NHS European Office

Brexit: latest updates

UK and EU flag

With the Brexit landscape constantly changing, this section pulls together the latest updates on Brexit and its potential impact on health and care.

The UK-EU negotiations 

Brexit deal agreed

A trade and cooperation agreement was concluded between the UK and EU on Christmas Eve and addresses many of the concerns repeatedly expressed by the NHS Confederation and Brexit Health Alliance over the last four years. There is a lot of good news, but some significant gaps compared with the arrangements that applied until the end of the post-Brexit transition period on 31 December. Inevitably the new relationship between the UK and EU has resulted in more complex and time-consuming procedures compared with the rules that applied when the UK was a member of the EU.

This letter to the health and care sector on 30 December 2020 from the Department of Health and Social Care provides an update on the UK-EU Trade and Cooperation Agreement and the government's preparations for the end of the transition period. The main changes as a result of the deal affecting the NHS are summarised on our news page and for a more detailed assessment of the impact of the deal, you can read the European Office’s briefing

The NHS Confederation also recently hosted an online event ‘What does the new Brexit trade deal mean for the NHS?’, looking at the impact of the Brexit deal on the NHS and wider health sector that supports it. The session detailed where we are in the process, shared a full run down of the agreements that have implications for health, and discussed what changes can be expected and where members can find the latest advice and guidance on Brexit issues. Visit the event page for the recording and presentation from the session.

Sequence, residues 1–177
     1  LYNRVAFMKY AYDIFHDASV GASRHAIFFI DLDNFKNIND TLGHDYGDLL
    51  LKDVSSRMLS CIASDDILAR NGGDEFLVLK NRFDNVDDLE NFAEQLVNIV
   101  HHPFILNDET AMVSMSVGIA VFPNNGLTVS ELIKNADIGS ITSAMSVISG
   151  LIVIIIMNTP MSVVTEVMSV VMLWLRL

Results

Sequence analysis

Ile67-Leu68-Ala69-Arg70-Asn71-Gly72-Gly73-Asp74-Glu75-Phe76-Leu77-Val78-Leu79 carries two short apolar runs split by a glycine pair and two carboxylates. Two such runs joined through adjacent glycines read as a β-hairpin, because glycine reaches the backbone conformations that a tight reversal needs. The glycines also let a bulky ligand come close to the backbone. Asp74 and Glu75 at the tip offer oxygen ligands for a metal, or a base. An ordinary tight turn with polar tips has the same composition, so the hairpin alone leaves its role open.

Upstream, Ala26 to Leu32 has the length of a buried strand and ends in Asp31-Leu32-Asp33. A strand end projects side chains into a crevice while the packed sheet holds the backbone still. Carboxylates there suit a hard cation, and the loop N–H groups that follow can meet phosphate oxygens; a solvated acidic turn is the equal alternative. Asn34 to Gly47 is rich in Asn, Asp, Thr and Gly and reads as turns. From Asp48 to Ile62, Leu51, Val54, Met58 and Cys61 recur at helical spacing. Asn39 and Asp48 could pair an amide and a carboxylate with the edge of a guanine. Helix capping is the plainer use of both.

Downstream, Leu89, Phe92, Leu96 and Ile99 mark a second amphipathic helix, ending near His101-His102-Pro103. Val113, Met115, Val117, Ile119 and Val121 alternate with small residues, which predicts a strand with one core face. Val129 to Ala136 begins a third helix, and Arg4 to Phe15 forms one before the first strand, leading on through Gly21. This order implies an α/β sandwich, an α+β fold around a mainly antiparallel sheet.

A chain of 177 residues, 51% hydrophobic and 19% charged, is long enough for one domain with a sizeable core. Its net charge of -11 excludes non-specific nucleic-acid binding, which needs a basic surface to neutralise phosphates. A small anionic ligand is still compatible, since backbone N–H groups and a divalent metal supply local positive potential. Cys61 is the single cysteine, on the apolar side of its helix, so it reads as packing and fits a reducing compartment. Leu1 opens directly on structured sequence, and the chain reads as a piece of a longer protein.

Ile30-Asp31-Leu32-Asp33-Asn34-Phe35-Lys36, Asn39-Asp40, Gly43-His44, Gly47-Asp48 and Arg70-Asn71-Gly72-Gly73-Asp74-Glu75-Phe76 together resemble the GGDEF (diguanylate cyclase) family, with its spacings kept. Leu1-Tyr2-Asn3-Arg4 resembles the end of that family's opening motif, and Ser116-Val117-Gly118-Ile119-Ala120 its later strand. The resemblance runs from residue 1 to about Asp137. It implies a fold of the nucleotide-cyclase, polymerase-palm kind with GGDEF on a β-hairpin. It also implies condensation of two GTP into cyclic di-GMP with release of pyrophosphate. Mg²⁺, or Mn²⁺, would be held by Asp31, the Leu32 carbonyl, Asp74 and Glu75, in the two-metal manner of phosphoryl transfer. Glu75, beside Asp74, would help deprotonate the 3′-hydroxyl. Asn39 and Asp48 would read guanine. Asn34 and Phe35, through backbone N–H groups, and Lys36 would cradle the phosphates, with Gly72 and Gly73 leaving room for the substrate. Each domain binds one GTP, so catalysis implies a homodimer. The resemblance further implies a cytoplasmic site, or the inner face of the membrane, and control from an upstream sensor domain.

The Withdrawal Agreement: Implementation 

The EU-UK Joint Committee

The Joint Committee has the overall responsibility to oversee and monitor the application of the UK-EU Withdrawal Agreement, including the Northern Ireland (NI) Protocol, which entered into force on 1 February 2020. It is co-chaired by the UK and the EU – the UK co-chair is Chancellor of the Duchy of Lancaster, Rt Hon Michael Gove MP and the EU co-chair is European Commission Vice-President, Maroš Šefčovič. The next meeting of the committee is expected no later than 24 February 2021. Discussions at this session will focus on potential solutions to the major disruptions to trade experienced between NI and the Britain since the end of the Brexit transition period on 31 December 2020.
Background: The two sides released a statement following a bilateral meeting on 11 February between Michael Gove and Maros Šefčovič called to start to address issues around the implementation of the NI protocol. The meeting was prompted by an exchange of letters in which the UK asked the EU to agree to extend and expand waivers on the movement of certain goods from Britain into NI calling for urgent political solutions to problems implementing post-Brexit rules. This included a request for the arrangements on medicines agreed last December to be extended for a further year at least to 1 January 2023 to resolve for NI patients all outstanding practical issues on medicines, and set out a long-term approach that will ensure no barriers of any kind to the movement of medicines into NI.

EU Exit response update